Bill Clinton leaves hospital after surgery
Former US president Bill Clinton left hospital early Friday after doctors successfully cleared up a clogged artery following his hospitalization for chest pains, an aide said.world Updated: Feb 12, 2010 19:08 IST
Former US president Bill Clinton left hospital early Friday after doctors successfully cleared up a clogged artery following his hospitalization for chest pains, an aide said.
Douglas Band said Clinton was released from New York Presbyterian Hospital "in excellent health" and was resting at home in Chappaqua, New York.
The 63-year-old Clinton could be back at work on Monday and "resume his very active lifestyle," his cardiologist Allan Schwartz told reporters, adding that he had not suffered a heart attack.
Clinton, who underwent quadruple bypass surgery to free four blocked arteries in 2004, had been complaining of chest "discomfort," Schwartz said, so doctors inserted two stents to free up a coronary artery on Thursday.
"The procedure went very smoothly," said Schwartz. "His prognosis is excellent."
Within hours of the procedure, the Democratic stalwart was already up and visiting with his wife, Secretary of State Hillary Clinton, and their daughter Chelsea, the doctor added.
Since leaving office in January 2001 after two terms, Clinton has dropped weight, maintained a punishing routine and was most recently coordinating aid to victims of Haiti's earthquake.
Former Democratic National Committee chairman Terry McAuliffe, who co-chaired Clinton's 1996 re-election campaign, said the ex-president took part in a conference call on earthquake relief to Haiti just as he was being wheeled into the operating room.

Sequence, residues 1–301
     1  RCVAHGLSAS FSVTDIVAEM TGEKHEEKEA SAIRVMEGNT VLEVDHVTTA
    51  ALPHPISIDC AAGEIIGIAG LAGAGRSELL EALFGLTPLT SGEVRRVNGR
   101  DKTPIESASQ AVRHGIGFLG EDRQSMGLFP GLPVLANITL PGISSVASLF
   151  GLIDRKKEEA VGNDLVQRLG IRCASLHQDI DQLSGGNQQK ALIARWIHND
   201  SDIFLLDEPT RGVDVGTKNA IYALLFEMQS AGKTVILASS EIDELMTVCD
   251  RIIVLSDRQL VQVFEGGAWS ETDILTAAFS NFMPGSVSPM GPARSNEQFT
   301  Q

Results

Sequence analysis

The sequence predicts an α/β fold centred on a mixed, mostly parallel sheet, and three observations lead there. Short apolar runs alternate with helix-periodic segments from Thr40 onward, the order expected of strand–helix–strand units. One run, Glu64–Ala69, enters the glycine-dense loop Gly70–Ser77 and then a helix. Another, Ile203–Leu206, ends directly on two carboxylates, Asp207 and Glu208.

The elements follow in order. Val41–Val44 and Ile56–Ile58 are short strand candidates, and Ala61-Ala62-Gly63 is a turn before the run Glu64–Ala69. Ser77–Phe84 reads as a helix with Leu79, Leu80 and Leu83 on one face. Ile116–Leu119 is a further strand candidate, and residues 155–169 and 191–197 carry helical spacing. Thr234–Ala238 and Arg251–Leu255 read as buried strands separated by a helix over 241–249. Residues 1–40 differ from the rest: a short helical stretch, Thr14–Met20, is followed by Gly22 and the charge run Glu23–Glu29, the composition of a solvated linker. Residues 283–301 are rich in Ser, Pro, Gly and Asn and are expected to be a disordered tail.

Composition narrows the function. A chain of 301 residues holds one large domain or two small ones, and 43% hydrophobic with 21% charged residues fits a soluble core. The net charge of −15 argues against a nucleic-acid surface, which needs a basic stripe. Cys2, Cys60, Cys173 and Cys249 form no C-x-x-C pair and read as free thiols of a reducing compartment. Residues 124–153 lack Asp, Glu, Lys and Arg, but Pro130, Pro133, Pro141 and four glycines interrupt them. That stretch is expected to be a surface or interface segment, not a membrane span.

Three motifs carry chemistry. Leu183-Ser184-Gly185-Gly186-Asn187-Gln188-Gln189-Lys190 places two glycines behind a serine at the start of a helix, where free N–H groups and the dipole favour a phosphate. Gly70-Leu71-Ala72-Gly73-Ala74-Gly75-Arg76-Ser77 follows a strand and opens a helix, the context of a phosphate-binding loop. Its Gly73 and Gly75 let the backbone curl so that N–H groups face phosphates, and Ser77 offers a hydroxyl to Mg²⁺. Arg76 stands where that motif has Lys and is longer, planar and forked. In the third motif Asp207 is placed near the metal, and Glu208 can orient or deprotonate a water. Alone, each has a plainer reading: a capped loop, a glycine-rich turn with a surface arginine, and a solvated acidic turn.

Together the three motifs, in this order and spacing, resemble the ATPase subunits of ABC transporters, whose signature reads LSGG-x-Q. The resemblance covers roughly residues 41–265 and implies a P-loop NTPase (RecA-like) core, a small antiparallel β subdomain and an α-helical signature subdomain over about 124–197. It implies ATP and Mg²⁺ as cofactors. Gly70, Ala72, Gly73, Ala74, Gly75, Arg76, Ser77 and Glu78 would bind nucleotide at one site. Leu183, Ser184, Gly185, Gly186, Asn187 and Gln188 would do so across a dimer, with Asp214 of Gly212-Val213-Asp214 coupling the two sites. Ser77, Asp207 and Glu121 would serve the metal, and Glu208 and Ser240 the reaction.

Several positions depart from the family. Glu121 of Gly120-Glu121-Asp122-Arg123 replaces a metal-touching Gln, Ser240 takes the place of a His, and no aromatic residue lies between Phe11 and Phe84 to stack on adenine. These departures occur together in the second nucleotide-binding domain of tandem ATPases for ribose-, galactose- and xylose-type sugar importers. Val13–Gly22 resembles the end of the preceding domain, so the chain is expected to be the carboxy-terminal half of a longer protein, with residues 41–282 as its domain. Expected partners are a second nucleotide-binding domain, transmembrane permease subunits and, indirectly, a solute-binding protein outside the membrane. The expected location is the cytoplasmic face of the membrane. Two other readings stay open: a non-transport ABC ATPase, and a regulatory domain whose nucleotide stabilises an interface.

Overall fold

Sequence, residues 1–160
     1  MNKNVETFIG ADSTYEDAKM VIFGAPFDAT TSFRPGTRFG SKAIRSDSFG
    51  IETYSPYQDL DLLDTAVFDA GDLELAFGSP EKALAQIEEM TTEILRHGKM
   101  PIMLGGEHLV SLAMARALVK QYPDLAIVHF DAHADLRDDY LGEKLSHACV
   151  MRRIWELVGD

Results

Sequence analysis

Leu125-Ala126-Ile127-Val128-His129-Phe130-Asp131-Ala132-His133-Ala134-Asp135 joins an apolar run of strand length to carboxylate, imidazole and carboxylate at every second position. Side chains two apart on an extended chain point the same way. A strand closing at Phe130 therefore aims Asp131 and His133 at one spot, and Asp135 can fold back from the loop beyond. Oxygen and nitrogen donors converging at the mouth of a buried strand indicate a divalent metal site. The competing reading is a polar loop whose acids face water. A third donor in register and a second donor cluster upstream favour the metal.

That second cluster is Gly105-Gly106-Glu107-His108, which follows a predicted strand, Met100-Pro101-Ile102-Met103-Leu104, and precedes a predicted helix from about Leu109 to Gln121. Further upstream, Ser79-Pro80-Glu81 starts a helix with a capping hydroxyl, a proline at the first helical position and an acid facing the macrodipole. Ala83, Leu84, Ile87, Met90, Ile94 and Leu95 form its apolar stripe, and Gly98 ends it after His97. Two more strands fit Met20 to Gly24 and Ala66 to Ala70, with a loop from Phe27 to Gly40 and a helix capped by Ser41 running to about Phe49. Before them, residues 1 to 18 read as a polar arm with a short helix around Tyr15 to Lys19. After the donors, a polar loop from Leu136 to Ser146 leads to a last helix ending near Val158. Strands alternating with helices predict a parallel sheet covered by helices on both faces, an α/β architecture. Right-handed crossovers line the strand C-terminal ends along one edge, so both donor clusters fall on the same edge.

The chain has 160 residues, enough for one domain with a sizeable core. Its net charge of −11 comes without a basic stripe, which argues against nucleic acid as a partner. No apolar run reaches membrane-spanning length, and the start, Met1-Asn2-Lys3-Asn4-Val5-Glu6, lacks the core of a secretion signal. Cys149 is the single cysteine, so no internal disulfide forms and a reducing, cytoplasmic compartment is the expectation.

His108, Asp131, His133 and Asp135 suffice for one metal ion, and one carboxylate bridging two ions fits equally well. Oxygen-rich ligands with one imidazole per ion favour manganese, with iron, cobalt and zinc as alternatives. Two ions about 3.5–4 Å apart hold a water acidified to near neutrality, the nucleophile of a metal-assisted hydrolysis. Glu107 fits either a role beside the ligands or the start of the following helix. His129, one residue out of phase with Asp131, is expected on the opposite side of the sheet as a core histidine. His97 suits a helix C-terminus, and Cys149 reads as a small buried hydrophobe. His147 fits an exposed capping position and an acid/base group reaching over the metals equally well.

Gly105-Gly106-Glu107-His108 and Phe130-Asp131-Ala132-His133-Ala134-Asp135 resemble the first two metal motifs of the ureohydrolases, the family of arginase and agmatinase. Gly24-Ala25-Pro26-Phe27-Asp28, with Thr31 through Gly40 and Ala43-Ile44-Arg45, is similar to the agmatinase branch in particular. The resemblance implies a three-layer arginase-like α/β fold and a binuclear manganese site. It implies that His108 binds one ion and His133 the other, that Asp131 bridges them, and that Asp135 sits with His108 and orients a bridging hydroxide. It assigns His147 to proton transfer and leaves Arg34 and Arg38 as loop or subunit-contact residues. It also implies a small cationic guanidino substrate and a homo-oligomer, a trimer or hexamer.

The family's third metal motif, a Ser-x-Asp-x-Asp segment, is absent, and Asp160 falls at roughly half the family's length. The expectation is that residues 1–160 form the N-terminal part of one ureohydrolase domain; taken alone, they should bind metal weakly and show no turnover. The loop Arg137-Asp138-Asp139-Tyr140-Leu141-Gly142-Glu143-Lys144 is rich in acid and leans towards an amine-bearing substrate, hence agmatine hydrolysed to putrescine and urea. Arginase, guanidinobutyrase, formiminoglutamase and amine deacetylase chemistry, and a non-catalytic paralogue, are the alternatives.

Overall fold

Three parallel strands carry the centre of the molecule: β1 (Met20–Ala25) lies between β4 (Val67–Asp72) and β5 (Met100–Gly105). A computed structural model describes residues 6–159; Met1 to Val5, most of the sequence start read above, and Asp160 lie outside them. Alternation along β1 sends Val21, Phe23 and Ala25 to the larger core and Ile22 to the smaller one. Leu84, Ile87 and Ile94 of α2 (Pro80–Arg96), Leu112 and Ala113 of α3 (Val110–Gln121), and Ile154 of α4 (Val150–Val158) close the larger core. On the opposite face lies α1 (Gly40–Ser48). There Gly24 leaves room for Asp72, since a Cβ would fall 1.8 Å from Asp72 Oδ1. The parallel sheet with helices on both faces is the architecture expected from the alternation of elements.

"He would have kept the phone on Haiti and talked through the procedure if he could," McAuliffe told "The Early Show" on CBS television. "He's going to try and get as much in as he can."
Just last week, Clinton paid his second visit to Haiti in a bid to get aid moving to the impoverished Caribbean nation struck by a 7.0-magnitude quake on January 12, and apologized for the slow arrival of relief supplies.
The medical procedure on Clinton, which is widely used, involves inserting tiny wire-like tubes known as stents into the artery to prevent plaque from building up and blocking the blood flow again.
Hillary Clinton rushed from Washington to the Columbia campus of New York Presbyterian Hospital to be at her husband's side. The State Department said she had delayed her departure on a planned trip to the Gulf by one day, to Saturday.
President Barack Obama, a fellow Democrat, telephoned Clinton to wish him a speedy recovery and was told by the ex-president that he felt "absolutely great," a White House official said.
George W. Bush, a Republican who succeeded Clinton in the White House and is now working alongside him as a relief coordinator for Haiti, said he was "glad" to hear Clinton felt better.
Another well-wisher was UN Secretary-General Ban Ki-moon, who thanked Clinton for his work in Haiti.
While in the White House, Clinton famously indulged his appetites, including junk food, but in his post-presidential days he appeared to have been adhering to a stricter diet as well as a busy work schedule.
In a 2005 interview just months after the bypass surgery, he told CNN that prior to going under the knife, he realized that he was "very close to having a serious heart attack."
Since leaving office, Clinton has also battled to raise AIDS awareness, pushed for tsunami recovery in Asia and pressed for more relief to Haiti through his foundation.
Clinton was sworn in on January 20, 1993, as the 42nd US president and the first Democrat to hold the highest office in 12 years. He won a second term in 1996.
He remains hugely influential on the US political landscape, and is revered by Democrats for presiding over an economic boom time in the United States.
But his scandalous affair with intern Monica Lewinsky during his presidency and the impeachment proceedings that followed, tarnished his political legacy.